A quiet time is as necessary in sorrow, trial, and pain as it is as it is on our good days (if not more so!). It’s just going to look very different. When – by God’s grace – you are able to have that ‘Instagram snap shot’ kind of quiet time, frantically write it all down: everything you’re going through. Don’t hold back, God can handle it. Document your anger, your questions, your confusion, your sadness, and anxiety. When I look back at those tear-stained pages, they’re my most cherished prayers. I remember that as I wrote them, God felt so far away; but when I look back on those entries, His love and mercy are written all over them and I feel Him closer than ever before. 

Psalm 51:15-17 

O Lord, open my lips, and my mouth will declare your praise. 
For you will not delight in sacrifice, or I would give it; 

you will not be pleased with a burnt offering. 

The sacrifices of God are a broken spirit; 

a broken and contrite heart, O God, you will not despise. 

Applications for quiet time in suffering: 

1) Don’t expect your quiet time to look picture perfect. 

2) Depend on other believers! 

3) Worship. 

4) Look for the grace God is showing you and say thanks. 

5) Honestly pour out your heart to God; He can handle it! 

Jordan grew up on a farm located in a small town in Virginia. She married her NY native husband 8 years ago. Before becoming a stay-at-home mom, Jordan was a professional mental health therapist. Apart from raising her 2.5 year old daughter with a complex medical diagnosis, Jordan also teaches English to kids in China online. Through numerous trials involving grief and loss she endured in her 20s, Jordan fell more in love with Jesus and realizes her need for Him everyday. Her passion for studying God’s word and knowing Him more deeply grows with each passing day.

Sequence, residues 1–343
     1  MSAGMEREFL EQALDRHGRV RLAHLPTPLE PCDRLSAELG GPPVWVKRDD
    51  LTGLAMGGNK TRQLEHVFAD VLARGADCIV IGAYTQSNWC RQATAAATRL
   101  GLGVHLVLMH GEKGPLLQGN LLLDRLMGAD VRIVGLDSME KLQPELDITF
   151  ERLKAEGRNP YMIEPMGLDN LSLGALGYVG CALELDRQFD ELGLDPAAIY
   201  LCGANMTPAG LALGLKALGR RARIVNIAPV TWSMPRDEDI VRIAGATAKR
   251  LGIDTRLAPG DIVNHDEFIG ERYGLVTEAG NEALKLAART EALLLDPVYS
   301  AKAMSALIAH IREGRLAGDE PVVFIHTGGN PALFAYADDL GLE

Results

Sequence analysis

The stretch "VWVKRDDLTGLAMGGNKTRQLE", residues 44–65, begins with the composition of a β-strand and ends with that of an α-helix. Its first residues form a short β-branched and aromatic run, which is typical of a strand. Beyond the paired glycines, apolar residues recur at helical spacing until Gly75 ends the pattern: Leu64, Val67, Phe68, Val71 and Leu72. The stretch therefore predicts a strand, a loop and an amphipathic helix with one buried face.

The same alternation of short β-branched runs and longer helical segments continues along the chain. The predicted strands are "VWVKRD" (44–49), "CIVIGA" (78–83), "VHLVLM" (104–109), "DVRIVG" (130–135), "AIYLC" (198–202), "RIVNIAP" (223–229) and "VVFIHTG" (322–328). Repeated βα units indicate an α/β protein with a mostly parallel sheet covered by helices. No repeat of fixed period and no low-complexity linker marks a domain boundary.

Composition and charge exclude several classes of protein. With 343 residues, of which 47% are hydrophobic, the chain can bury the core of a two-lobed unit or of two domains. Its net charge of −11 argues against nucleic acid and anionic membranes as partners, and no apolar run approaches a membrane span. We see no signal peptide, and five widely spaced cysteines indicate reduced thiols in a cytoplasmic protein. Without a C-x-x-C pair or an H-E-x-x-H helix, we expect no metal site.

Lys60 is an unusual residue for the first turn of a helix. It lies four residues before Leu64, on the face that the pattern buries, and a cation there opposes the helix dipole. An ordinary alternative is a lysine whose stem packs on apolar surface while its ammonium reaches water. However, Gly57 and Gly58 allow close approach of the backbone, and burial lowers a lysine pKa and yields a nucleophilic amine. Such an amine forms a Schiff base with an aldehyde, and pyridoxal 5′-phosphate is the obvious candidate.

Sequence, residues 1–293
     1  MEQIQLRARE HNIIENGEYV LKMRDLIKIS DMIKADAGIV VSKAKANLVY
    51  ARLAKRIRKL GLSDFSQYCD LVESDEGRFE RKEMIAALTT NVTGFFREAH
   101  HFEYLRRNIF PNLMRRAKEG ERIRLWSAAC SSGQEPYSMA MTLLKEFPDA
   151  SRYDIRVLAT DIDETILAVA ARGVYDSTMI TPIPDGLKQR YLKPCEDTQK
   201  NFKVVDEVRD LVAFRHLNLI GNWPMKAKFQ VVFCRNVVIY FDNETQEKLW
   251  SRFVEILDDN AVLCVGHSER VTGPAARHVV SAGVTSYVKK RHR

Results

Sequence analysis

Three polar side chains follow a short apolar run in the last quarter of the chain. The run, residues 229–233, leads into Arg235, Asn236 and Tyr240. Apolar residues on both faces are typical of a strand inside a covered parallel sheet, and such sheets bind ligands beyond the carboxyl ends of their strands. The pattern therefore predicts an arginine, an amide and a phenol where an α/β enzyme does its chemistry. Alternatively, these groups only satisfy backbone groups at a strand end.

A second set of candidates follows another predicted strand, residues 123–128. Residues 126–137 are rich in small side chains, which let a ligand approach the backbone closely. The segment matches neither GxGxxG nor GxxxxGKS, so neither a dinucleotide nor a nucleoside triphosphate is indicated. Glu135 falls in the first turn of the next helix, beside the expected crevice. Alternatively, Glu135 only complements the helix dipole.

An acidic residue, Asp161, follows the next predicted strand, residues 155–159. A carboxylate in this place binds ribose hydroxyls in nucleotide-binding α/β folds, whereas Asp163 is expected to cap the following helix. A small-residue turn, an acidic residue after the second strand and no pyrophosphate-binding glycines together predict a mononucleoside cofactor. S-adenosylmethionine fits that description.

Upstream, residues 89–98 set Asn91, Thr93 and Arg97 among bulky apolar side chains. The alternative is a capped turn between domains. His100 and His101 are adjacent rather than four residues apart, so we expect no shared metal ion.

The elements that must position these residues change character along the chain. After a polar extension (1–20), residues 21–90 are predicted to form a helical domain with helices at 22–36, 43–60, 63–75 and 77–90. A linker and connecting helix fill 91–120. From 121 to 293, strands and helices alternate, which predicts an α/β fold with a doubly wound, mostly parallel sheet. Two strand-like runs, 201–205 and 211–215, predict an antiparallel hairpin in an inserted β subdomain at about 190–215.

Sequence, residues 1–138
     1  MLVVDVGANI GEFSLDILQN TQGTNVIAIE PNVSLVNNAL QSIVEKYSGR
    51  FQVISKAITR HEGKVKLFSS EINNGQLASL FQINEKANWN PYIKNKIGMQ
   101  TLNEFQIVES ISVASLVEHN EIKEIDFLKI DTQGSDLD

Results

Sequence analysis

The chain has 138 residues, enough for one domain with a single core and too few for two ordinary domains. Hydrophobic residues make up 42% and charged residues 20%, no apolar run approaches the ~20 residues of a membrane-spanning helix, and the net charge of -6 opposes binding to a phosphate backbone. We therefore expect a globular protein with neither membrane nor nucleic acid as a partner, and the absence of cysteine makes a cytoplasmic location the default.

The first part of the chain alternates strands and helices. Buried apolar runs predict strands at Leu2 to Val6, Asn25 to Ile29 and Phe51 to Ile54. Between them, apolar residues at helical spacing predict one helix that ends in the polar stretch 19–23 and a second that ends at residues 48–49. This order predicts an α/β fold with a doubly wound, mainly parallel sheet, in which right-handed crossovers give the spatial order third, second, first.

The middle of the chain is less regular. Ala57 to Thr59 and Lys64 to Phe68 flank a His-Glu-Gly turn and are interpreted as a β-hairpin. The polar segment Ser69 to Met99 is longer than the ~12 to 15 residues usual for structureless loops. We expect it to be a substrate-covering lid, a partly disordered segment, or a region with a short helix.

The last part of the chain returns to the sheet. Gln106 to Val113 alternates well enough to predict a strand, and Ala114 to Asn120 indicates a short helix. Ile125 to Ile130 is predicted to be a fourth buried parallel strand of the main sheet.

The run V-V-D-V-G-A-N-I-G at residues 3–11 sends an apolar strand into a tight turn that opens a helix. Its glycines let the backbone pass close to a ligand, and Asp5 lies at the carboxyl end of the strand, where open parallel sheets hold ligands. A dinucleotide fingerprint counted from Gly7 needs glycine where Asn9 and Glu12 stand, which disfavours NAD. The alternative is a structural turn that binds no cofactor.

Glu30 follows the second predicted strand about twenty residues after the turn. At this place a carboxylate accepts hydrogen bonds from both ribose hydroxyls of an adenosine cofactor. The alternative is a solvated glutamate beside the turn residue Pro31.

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May 27, 2021

Ordinary Holy

By: Christi Grimm 

She asked if I’d go for a walk.  I said yes.  She was turning 50 and wanted to hike 50 miles on the Appalachian Trail.  How could I say no? Of course I wanted to join her, but selfishly I also saw great opportunity of uninterrupted time with Jesus.  Hours upon hours of talking with Him and Him conversing with me.  It would be glorious.   

We practiced, we prepared, we planned. For months we discussed and schemed how this sisterhood adventure would go down.   

At last, the day arrived.   

Day one was hard.  “One step in front of the other” are the words I kept repeating to myself.  My eyes were opened to how difficult this week-long hike would actually be.  The terrain was something a beach girl was not accustomed to. My pack was much too heavy to lug around for such long periods of time- the weight tagging along like so many burdens I had once carried. Day two would be better…. 

The rain began, pelting us incessantly for 48 hours.  My romantic ideas of the trail were replaced with concentration, focus, and diligence.  Where was this glorious time with Jesus I had fantasized about?  Where was His Voice?  Where were the deep spiritual insights I was to receive on this 8-day hike?  They eluded me, passing around the bend faster than I could walk.   

We kept going.  Day 3, day 4, day 5…. 

Frustrated, I cried out to God: “God where are You? I am here, and You are not speaking! Is this just wasted time?” 

One sentence – that is all He spoke.  The entire trip He spoke only ONE sentence: “I am in the journey.” 

“I am in the journey”, this I know.  But really?  Is that really what He was going to leave me with? I had come all this way and the only thing He had to say was that He was in the journey?  What a disappointment.  What a let-down.  Thanks, God….